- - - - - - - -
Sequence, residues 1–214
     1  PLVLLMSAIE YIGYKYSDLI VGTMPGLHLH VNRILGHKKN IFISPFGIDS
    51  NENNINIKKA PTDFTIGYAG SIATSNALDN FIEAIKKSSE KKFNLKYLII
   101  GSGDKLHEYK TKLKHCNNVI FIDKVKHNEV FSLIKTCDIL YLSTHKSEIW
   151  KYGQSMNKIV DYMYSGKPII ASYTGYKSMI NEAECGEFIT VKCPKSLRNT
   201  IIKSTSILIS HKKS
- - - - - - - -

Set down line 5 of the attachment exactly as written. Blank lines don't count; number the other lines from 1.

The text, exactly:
   151  KYGQSMNKIV DYMYSGKPII ASYTGYKSMI NEAECGEFIT VKCPKSLRNT